In the Science Department at St Leonards, pupils are encouraged to question and discuss issues that affect their own lives and the lives of others, the direction of society and the future of the world. The department aims to deliver a high-quality level of teaching and to foster high quality learning across General Science, Physics, Chemistry and Biology. Teaching in all years and at all levels of ability is based on an experimental and investigative approach and is designed to allow individuals to reach their full potential.
The curriculum taught in Years 7, 8 and 9 is the Middle Years Programme (MYP), which leads into the GCSE and IGCSE programme in Years 10 and 11, and ultimately, the IB Diploma Programme (DP) in Years 12 and 13.
MYP Sciences aim to encourage and enable pupils to understand and appreciate science and its implications. Pupils will consider science as a human endeavour with benefits and limitations. They will develop skills to design and perform investigations, evaluate evidence and reach conclusions.
Our aim is to cultivate analytical, inquiring and flexible minds that pose questions, solve problems, and construct explanations and judge arguments.
Themes studied include: nanotechnology, combustion and its effects, biological system, our changing planet, waves.
All GCSE students take either Science Trilogy or Biology/Geography. Science Trilogy offers a balanced science course, incorporating GCSEs in Chemistry, Physics and Biology. Each science discipline is taught by a specialist in that subject.
The course provides a wide and challenging introduction to how science works, and to the principles and concepts which lead to an understanding of the application of science in society today. The course gives a sound basis for further study of separate sciences in the International Baccalaureate and beyond.
The Biology/Geography option was introduced in the 2019-2020 academic year and is ideal for students who are targeting Environmental Systems and Societies as their IB Diploma Science and/or Humanity choice.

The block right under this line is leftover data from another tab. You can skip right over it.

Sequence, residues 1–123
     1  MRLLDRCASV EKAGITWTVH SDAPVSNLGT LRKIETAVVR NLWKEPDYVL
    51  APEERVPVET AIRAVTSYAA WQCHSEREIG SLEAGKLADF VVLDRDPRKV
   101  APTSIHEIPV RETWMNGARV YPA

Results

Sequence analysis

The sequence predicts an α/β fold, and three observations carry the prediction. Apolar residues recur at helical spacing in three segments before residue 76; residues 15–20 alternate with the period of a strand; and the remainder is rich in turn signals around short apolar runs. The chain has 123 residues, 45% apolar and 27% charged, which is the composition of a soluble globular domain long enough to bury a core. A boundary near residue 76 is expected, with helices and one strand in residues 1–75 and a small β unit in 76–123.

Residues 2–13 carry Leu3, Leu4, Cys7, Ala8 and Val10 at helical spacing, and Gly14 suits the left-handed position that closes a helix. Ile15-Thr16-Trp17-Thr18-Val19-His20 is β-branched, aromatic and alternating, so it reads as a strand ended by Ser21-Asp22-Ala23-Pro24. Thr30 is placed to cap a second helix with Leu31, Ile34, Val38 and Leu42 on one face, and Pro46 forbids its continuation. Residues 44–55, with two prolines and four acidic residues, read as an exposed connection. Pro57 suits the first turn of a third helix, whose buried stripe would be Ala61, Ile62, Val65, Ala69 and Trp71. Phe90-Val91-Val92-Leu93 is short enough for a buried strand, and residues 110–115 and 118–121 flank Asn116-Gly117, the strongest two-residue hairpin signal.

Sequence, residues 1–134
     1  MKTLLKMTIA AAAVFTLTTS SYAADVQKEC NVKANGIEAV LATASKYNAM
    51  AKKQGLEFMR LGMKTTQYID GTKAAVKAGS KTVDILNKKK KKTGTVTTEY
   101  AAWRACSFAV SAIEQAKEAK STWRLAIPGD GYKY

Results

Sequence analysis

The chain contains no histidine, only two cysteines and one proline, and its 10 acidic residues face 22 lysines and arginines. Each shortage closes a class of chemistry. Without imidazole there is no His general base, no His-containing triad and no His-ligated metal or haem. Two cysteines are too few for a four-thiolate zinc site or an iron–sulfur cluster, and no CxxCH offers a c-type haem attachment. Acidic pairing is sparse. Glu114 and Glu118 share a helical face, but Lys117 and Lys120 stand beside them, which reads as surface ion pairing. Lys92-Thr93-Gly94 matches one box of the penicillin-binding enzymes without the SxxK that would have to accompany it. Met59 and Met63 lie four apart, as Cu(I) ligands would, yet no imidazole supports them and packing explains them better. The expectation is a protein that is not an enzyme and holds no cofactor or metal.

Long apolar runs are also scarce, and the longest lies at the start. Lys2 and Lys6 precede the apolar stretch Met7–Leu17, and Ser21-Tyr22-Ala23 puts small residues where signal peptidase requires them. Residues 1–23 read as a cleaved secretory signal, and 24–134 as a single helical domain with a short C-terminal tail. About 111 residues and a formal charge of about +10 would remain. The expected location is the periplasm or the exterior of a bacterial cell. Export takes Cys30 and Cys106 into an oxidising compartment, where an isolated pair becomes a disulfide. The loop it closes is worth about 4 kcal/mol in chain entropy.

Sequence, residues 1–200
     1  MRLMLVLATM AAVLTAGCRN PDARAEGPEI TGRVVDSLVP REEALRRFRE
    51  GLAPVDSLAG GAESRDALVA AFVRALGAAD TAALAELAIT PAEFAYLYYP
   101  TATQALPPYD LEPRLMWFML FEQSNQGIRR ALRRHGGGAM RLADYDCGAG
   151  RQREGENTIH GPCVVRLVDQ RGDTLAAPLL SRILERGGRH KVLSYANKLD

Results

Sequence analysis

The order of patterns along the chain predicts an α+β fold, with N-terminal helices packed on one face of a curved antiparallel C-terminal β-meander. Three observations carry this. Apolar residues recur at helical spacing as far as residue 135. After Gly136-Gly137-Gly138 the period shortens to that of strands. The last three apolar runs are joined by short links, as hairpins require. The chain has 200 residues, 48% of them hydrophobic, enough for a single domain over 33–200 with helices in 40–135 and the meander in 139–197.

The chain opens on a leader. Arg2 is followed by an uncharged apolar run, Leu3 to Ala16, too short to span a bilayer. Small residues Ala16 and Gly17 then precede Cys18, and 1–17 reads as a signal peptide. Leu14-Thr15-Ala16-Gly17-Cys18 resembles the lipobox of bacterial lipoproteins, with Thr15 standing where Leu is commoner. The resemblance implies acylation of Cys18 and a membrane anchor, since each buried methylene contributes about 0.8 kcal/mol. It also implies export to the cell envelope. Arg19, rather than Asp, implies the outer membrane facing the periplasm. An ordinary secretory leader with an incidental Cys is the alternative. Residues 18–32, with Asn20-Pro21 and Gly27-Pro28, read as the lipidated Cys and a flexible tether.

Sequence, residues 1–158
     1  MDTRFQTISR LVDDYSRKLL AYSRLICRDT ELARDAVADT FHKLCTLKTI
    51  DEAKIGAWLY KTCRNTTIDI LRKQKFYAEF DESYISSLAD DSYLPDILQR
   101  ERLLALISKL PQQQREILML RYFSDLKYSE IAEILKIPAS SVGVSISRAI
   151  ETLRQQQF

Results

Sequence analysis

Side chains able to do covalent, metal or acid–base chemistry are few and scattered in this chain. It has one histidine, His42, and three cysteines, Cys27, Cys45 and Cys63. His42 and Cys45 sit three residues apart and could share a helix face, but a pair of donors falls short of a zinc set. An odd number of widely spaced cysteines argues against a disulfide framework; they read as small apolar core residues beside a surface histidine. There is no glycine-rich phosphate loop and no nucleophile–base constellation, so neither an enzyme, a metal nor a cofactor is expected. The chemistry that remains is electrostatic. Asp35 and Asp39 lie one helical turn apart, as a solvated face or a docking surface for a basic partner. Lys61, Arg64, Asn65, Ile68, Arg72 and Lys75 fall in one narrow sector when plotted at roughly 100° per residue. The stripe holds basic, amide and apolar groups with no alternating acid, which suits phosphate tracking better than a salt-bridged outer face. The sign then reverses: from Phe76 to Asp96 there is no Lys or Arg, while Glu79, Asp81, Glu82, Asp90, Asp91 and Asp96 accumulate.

At IB level, Group 4 includes the Experimental Sciences: Physics, Biology, Chemistry, Environmental Systems & Societies, Computer Science, Sports, Exercise and Health Science. Each course aims to deepen understanding of science as a discipline and develop an appreciation of the scientific method as a powerful tool for testing claims about nature.
The Biology course is designed to help students develop a broad understanding of biological principles. It includes a compulsory residential fieldtrip to a field study centre, to facilitate the teaching of ecology, and core modules at both Standard and Higher Level include: cell biology, molecular biology, genetics, ecology, evolution and biodiversity, and human physiology.
Chemistry is an experimental science that combines academic study with the acquisition of practical and investigational skills. Core modules include stoichiometric relationships, atomic structure, periodicity, chemical bonding and structure, energetics/thermochemistry and chemical kinetics.
Physics seeks to explain the universe at all scales, from sub-atomic particles up to galaxy clusters. The Diploma course enables students to become competent at practical skills and techniques required when doing experimental work and to apply their mathematics to practical problem solving. Standard and Higher Level core modules include: measurements and uncertainties, thermal physics, electricity and magnetism, atomic, nuclear and particle physics, and energy production.
The Science Department has 9 subject specialist teachers and 3 technicians. It is located in its own building which houses 6 teaching laboratories, 2 ICT areas, technical preparation rooms and a greenhouse. The department is exceptionally well resourced both in the laboratories and in terms of outdoor teaching areas. In addition, regular field trips are organised for pupils, including a residential trip to Kindrogan Field Study Centre.